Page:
The Rev. Raphael Warnock, a Democrat, said that his projected victory in one of Georgia’s dual U.S. Senate runoffs is a “historic moment,” adding that he “can’t wait” to be in the upper chamber of Congress “to represent the concerns of ordinary people.”
“I’m deeply honored that the people of Georgia decided to place their faith in me and have decided to send me to represent their interests in Washington, D.C.,” Warnock told ABC News Chief Anchor George Stephanopoulos in an interview Wednesday on “Good Morning America.”
“Certainly this is a historic moment and I’m just deeply grateful to be a vessel in a moment in which we’re facing such large problems in our country, and I can’t wait to get to the U.S. Senate to represent the concerns of ordinary people,” he added.
Just before 2 a.m. Wednesday, ABC News projected that Warnock will prevail over incumbent Republican Sen. Kelly Loeffler, who was appointed to her seat by Gov. Brian Kemp in December 2019 to serve when Sen. Johnny Isakson retired until a special election was held to determine who would serve until his term ends in Jan. 2023.
Warnock, senior pastor of Atlanta’s Ebenezer Baptist Church, the former pulpit of the Rev. Martin Luther King Jr., is the first Black senator Georgia has elected and only the 11th Black senator elected in the country’s history.
“Georgia is in such an incredible place when you think about the arc of our history, we are sending an African-American pastor of Ebenezer Baptist church where Martin Luther King Jr. served,” he said. “This is the reversal of the old southern strategy that sought to divide people. In this moment we’ve got to bring people together in order to do the hard work and I look forward to doing that.”
His win is also history-defying because it marks the first time a Democrat has won a statewide runoff election in Georgia in 30 years. Stephanopoulos asked Warnock what impact he thought President Donald Trump’s constant questioning of the general election results and rhetoric that it was “rigged” had on his runoff campaign.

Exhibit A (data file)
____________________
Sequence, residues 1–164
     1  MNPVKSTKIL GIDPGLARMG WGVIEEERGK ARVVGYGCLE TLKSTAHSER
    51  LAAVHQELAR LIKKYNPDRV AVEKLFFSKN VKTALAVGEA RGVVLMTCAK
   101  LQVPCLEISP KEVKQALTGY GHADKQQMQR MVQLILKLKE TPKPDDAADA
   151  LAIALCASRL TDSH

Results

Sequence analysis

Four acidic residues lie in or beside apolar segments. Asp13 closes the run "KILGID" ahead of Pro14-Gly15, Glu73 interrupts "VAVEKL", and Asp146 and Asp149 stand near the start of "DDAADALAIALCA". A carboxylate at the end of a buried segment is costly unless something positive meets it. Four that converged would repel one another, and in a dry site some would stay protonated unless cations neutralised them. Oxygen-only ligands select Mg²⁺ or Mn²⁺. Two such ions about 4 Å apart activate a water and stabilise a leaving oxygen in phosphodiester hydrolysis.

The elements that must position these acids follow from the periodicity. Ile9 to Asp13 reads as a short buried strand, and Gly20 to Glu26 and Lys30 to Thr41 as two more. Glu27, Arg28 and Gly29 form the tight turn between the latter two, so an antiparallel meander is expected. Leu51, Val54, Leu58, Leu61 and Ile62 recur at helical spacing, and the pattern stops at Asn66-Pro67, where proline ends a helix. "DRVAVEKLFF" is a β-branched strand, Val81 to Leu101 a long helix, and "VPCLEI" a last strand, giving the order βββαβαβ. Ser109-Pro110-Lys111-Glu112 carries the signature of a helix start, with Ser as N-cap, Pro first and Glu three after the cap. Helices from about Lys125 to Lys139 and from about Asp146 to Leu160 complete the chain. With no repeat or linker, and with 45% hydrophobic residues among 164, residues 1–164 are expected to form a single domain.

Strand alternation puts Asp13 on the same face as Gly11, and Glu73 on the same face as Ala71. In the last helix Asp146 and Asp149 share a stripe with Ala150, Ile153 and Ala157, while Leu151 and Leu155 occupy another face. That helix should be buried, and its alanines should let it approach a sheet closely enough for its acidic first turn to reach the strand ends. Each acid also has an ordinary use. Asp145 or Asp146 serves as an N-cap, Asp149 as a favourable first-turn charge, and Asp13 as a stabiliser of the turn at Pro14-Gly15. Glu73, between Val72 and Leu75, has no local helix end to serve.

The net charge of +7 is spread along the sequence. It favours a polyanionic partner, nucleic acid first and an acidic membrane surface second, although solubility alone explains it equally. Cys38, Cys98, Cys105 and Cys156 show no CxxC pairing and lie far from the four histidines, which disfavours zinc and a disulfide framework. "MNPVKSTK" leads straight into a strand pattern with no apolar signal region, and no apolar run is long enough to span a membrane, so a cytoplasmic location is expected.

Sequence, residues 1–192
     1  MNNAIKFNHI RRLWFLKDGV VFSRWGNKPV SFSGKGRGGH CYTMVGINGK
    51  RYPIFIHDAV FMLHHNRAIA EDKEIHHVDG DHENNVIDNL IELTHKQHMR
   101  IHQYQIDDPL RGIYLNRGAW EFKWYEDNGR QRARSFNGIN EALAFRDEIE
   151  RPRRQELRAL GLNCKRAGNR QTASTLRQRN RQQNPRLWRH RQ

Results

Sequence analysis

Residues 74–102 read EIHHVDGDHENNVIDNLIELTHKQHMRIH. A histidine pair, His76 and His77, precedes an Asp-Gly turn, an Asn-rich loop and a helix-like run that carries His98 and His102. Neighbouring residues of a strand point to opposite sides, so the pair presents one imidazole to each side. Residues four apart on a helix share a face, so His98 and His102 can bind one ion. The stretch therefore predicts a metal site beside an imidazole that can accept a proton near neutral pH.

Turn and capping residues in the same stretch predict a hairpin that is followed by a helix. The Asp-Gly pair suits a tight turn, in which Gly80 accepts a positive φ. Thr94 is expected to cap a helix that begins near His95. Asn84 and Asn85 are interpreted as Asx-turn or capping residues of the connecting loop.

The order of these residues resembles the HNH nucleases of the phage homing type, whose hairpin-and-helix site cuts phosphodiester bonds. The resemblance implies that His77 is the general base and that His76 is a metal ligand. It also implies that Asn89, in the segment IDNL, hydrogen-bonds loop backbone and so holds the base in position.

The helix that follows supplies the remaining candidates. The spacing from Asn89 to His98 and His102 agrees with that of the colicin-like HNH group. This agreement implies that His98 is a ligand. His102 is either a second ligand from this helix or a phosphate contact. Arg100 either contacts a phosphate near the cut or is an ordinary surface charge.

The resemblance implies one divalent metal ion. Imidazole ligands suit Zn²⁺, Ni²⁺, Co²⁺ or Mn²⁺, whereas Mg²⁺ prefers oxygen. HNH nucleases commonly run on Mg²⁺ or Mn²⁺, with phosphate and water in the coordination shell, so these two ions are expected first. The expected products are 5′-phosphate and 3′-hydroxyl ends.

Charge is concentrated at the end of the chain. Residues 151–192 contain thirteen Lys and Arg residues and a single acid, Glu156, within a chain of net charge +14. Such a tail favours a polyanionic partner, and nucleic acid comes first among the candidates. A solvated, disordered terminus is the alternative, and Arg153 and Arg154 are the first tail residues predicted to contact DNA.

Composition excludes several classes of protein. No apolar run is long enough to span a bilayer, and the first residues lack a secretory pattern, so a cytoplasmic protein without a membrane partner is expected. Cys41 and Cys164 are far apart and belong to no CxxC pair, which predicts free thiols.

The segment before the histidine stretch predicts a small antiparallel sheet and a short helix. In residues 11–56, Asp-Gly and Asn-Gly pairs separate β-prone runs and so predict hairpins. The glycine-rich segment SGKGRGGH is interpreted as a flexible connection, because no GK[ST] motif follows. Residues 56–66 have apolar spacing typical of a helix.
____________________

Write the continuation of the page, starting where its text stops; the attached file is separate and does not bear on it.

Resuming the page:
GOP concerns mounted early, and never subsided before the election, that Trump’s rhetoric of a “rigged” election would suppress Republican voters from coming out. Loeffler and the other GOP candidate competing in a runoff, former Sen. David Perdue, were in lockstep with the president through the two-month sprint to the runoff.
Warnock said he would leave it to the “pundits who slice and dice” to pontificate on that, telling Stephanopoulos that he’s “really focused on the people here in this state.”
“The Senate should have approved the $2,000 stimulus last week. People are really struggling,” he said.
Asked what his number one goal for this year in the Senate was, Warnock said, as he had throughout his campaign, that the country needs to get the coronavirus pandemic under control.
“Like so many Americans as we witnessed the incredible death toll over 350,000 Americans lost lives, lost livelihoods, we need a national strategy that takes this virus seriously, that gets the vaccine distributed safely and efficiently,” he said. “We’ve got to re-open our economy, get our kids safely back to school and we got to make sure that people know that they will have their health care, particularly in the middle of a pandemic.”
While ABC News determined the race between Perdue and Democrat Jon Ossoff, a 33-year-old investigative journalist and media executive, was too close to project when the network called Warnock’s race, since then Ossoff’s lead over Perdue has grown.
With 98% of the expected vote reporting, Ossoff was leading by 16,370 votes — even greater than Biden’s 11,779 vote margin over Trump in the November, when he became the first Democrat to win the state’s electoral votes since 1992.
If the margin, which is currently just 0.4% of all votes cast in the race, remains less than 0.5%, Perdue would be entitled to request a machine recount after the results are certified.
‘This is a historic moment,’ Warnock says of projected victory The British Journal Editors and Wire Services/ ABC News.